Cell D4 adds the number in cell C3 and cell C4 and returns 10000 which is the result of 4000 + 6000. Cell D5 returns 12000 which is the sum of 4000 + 6000 + 2000 equals 12000.

I also demonstrate running totals formulas that adds values based on a condition, based on month, and when the date changes to a new month.

### What's on this page

- Create a formula that returns running totals
- Running totals with a condition
- Running totals on a monthly basis
- Display a running total when the month changes
- Get Excel *.xlsx file

### 5.1. Create a formula that returns running totals

The SUM function in cell D3 uses only a single cell reference and still manages to sum current and previous values in column D. Read on to find out how.

The formula in cell D3:

### 5.1.1 Explaining formula

#### Step 1 - Cell reference

$C$3:C3

The SUM function has a cell reference that consists of two parts, the first part has a dollar sign before the column character and another one before the row number.

The dollar sign tells you that the cell reference is locked and won't change if you copy the formula. In Excel terminology: an absolute cell reference.

However, the second part of the cell reference has no dollar signs, and that part changes when you copy and paste the formula to other cells. In Excel terminology: a relative cell reference.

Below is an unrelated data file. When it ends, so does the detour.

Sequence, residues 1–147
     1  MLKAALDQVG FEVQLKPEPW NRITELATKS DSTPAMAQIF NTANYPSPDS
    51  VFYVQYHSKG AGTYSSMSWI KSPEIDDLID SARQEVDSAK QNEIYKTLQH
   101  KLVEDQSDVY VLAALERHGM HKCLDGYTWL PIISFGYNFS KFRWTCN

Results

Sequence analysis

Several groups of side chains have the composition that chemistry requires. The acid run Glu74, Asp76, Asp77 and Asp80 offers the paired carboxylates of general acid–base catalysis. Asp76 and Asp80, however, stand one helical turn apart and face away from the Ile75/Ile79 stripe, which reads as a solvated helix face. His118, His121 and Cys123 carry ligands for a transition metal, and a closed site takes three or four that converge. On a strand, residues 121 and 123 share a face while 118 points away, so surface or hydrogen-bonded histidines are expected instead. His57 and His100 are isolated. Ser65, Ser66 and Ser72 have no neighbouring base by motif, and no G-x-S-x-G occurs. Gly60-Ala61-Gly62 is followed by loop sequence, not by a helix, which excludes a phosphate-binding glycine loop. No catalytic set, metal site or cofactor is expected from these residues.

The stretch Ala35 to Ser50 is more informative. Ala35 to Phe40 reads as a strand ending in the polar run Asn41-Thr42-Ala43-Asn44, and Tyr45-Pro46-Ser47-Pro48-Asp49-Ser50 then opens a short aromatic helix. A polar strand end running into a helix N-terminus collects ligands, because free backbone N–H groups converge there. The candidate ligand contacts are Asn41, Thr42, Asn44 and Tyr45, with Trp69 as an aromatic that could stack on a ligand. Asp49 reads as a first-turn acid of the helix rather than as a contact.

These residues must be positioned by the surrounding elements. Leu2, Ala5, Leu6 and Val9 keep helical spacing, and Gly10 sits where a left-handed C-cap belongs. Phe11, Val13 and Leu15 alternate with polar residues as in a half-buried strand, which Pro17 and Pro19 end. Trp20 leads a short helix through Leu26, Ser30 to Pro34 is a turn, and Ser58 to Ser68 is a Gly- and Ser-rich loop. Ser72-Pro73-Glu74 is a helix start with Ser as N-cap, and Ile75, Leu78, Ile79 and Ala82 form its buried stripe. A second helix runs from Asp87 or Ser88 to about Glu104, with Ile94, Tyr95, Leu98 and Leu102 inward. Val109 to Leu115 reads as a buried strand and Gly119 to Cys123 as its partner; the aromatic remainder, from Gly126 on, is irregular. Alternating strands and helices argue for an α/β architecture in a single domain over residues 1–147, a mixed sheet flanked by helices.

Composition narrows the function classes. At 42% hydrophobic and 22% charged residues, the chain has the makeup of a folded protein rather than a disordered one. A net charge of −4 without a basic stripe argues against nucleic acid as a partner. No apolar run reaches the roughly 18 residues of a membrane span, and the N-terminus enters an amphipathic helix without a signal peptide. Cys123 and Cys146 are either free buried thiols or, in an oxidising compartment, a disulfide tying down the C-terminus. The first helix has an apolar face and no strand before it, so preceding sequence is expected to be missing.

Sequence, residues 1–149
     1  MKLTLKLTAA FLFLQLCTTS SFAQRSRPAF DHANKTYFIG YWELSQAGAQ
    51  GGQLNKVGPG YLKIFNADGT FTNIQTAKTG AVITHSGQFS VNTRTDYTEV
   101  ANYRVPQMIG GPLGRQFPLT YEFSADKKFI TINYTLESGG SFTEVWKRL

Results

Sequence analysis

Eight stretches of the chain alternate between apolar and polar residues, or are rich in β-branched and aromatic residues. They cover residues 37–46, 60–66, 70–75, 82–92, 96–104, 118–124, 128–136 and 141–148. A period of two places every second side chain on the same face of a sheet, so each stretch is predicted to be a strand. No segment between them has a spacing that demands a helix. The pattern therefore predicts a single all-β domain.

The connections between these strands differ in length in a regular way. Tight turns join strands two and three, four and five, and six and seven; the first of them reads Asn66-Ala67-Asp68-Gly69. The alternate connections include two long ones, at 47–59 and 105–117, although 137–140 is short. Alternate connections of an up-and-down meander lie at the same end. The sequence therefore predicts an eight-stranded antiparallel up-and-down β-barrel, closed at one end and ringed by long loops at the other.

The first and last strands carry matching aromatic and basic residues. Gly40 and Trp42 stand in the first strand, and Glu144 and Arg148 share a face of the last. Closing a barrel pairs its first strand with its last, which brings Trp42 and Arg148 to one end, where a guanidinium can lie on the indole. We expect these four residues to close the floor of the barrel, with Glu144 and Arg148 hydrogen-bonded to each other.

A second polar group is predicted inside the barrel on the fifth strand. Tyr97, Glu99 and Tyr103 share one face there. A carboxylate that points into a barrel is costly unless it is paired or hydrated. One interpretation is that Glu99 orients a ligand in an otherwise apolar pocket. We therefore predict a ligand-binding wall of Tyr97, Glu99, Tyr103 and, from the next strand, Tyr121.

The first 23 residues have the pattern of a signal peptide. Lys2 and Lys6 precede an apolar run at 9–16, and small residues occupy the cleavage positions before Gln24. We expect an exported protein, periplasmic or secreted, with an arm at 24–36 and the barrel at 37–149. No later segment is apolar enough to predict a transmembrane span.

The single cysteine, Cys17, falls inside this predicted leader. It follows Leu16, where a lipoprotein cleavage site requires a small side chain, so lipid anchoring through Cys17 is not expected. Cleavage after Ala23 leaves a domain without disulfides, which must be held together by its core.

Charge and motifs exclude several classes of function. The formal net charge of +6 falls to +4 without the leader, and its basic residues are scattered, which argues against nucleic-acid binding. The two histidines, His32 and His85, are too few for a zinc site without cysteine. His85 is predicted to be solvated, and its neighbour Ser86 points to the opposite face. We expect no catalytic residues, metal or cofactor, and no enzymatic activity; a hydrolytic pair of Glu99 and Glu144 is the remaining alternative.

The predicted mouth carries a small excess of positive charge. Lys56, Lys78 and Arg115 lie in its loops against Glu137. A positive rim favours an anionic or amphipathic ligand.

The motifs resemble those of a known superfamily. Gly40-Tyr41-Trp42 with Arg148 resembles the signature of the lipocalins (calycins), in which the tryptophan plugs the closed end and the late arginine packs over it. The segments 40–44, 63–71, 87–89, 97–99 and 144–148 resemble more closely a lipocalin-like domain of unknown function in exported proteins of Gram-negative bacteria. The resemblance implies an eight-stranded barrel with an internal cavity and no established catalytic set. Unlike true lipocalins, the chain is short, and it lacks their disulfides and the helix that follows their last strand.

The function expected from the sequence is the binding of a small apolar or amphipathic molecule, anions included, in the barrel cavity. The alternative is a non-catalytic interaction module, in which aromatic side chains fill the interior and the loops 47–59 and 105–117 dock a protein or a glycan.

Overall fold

What happens when you copy the cell and paste it to cell D4?

The second part of the cell reference now points to cell C4 and the first part is still pointing to cell C3. The cell reference expands as you copy the formula to cells below.

If you want to learn more about absolute and relative cell references, read the following article:

Recommended articles

What is a reference in Excel? Excel has an A1 reference style meaning columns are named letters A to XFD […]

#### Step 2 - Add numbers

The SUM function adds numbers in a cell range or array and returns a total.

SUM($C$3:C4)

becomes

SUM(4000; 6000)

and returns 10000.

### 5.2. Running totals with a condition

The formula above in column D calculates running totals based on a condition. The condition changes depending on the value in column B on the same row as the formula.

**Example 1**, in cell D6 the formula calculates the sum for Item C. Item C is only in cell B6, the corresponding value in column C is B6. The formula returns 2000 in cell D6.

**Example 2**, in cell D7 the formula calculates the sum for Item A. Item A is in cell B3, B4 and B7, the corresponding values in column C are C3,C4 and C7.

4000 + 6000 + 1000 = 11000

The formula returns 11000 in cell D7. There are several ways to calculate a running total based on a condition, the easiest and smallest formula is probably the SUMIF function.

Formula in cell D3:

### 5.2.1 Explaining formula in cell D9

The arguments in a SUMIF function are: SUMIF(*range*, *criteria*, [*sum_range*])

The *range* argument* *grows when the formula is copied to cells below. $B$3:B3 changes to $B$3:B4 when the formula is copied to cell D4. This applies to the [*sum_range*] argument as well.

The expanding cell references make this formula include more and more cells and allowing it to calculate running totals based on a condition.

SUMIF($B$3:B9,B9,$C$3:C9)

becomes